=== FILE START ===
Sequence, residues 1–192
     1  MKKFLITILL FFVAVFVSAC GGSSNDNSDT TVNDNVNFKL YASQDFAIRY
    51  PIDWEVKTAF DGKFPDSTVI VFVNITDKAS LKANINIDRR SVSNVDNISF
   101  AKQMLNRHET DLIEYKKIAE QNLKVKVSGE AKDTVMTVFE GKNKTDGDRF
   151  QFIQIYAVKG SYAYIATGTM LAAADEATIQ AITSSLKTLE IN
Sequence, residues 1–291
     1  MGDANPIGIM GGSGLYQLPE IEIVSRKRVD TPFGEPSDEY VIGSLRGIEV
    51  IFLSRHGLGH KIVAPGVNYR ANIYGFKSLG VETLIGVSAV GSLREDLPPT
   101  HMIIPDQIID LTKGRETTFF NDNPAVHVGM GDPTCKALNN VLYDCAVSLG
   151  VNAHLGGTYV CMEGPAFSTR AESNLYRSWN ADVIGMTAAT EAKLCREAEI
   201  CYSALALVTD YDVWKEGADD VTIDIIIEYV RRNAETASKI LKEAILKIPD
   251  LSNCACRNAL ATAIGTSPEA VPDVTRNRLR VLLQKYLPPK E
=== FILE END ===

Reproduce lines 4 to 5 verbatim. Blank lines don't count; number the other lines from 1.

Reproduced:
   101  AKQMLNRHET DLIEYKKIAE QNLKVKVSGE AKDTVMTVFE GKNKTDGDRF
   151  QFIQIYAVKG SYAYIATGTM LAAADEATIQ AITSSLKTLE IN